Monday, 8 May 2017

Review: The Door in the Hedge

The Door in the Hedge The Door in the Hedge by Robin McKinley
My rating: 4 of 5 stars

It's Robin McKinley, so it is, of course, beautifully written (with a caveat I'll get to in a moment).

It's in the fairy-tale genre, so you need to be willing to accept that princes and princesses are (nearly) all wise, beautiful, good, brave, and kind. There is one commoner protagonist, but the rest are all royal, and noble in both senses of the word.

You also need to be able to accept that marrying people off to other people who they've never spent any time with is a reasonable thing to do, and that (in at least one case) the woman's consent is not particularly required for this. Leave your feminism, as well as your Marxism, if any, at the door. You could blame the source genre, but... eh. The author managed to give a female protagonist plenty of agency in The Blue Sword. I found the king offering his daughters up as prizes hard to forgive.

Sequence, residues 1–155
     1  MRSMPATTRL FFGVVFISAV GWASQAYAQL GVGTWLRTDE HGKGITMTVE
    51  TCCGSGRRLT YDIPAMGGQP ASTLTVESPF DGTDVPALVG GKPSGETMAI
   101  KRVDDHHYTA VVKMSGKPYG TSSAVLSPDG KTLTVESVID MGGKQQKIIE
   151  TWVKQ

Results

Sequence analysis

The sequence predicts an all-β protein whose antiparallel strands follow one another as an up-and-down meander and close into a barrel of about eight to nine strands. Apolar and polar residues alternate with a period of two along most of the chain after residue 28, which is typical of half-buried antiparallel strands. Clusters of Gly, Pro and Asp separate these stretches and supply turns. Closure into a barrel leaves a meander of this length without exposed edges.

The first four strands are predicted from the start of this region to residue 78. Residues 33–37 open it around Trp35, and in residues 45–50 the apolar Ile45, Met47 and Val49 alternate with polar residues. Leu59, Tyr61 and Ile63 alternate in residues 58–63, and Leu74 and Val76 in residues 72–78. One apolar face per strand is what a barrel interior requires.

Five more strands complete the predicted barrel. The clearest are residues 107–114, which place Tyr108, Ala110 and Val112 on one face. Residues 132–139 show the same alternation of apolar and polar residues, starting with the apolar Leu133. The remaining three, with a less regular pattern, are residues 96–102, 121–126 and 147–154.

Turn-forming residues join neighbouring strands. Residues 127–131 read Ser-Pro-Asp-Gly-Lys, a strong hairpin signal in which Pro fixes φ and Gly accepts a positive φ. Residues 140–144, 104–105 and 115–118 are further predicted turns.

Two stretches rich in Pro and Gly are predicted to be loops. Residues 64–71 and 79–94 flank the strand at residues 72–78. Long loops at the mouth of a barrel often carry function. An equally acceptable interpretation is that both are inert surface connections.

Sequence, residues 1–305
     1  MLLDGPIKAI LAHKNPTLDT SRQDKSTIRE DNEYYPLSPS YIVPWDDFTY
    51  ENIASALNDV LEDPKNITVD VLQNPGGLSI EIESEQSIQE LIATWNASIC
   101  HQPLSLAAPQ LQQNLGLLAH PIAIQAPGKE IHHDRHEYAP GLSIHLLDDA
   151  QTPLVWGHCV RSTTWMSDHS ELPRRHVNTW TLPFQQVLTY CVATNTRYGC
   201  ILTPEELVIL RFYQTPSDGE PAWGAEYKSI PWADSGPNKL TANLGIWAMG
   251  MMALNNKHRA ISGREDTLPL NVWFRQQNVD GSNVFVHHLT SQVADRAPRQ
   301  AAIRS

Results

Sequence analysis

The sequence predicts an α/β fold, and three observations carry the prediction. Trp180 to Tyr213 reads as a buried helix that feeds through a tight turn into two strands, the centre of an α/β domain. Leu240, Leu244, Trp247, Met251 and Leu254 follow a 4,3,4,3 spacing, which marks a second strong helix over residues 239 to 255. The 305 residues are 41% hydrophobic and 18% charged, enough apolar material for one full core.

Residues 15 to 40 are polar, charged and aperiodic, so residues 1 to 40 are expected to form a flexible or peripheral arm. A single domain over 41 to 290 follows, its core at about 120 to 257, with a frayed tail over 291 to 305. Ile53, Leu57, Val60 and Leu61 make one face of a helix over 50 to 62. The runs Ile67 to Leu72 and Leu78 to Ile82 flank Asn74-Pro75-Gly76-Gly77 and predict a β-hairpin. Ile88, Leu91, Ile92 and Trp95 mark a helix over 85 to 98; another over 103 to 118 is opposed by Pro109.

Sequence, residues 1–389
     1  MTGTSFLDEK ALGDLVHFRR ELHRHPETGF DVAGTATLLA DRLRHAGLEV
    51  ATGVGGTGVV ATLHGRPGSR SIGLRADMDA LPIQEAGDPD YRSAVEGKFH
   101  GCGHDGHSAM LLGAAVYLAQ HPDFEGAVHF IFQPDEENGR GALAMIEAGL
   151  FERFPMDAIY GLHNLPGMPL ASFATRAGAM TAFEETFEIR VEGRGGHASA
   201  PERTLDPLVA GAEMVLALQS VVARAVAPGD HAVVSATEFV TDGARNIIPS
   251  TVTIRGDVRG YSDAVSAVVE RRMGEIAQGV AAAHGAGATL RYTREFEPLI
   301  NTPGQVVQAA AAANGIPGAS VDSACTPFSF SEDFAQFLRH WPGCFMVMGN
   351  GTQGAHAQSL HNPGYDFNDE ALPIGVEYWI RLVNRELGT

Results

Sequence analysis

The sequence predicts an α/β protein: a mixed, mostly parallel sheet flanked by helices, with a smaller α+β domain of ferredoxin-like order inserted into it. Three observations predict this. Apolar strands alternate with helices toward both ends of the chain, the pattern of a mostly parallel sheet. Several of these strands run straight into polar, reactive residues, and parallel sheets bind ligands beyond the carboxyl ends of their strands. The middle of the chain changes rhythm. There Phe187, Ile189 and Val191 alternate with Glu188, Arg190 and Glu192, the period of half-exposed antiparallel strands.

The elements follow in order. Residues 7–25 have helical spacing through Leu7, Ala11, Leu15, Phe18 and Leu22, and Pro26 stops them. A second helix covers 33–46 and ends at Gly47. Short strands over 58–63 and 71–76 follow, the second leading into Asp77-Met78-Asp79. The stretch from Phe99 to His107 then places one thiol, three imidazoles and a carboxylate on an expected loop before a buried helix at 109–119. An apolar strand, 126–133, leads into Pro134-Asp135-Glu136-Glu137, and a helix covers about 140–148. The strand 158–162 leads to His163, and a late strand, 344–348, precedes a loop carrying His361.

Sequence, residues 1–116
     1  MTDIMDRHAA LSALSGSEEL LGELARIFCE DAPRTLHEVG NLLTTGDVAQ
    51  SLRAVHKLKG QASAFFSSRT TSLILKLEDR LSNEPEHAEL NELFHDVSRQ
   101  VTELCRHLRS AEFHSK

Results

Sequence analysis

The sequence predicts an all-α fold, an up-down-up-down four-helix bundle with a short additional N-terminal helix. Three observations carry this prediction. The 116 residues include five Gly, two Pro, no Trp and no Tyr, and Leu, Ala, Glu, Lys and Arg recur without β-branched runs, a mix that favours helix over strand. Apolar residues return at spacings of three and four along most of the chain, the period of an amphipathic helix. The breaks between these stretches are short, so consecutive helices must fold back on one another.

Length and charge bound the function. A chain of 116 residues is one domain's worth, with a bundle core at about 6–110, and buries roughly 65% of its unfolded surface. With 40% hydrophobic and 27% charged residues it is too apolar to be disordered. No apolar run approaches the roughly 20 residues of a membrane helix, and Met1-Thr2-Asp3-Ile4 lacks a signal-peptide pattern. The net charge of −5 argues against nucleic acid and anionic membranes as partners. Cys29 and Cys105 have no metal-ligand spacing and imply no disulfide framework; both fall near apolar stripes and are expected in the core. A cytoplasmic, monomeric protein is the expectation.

My other gripe is about the semicolons. An occasional semicolon is fine; it shows that two thoughts are linked together more tightly than two separate sentences would convey. But when the vast majority of your sentences include a semicolon (I am not exaggerating - far more sentences have one than lack one), and not a few of them contain two semicolons, at that point it's moved beyond a stylistic choice, and has gone all the way past an annoying tic to become an outright fault in the writing.

If none of those three issues bother you too much, these are beautifully told (or retold) stories by a highly capable author.

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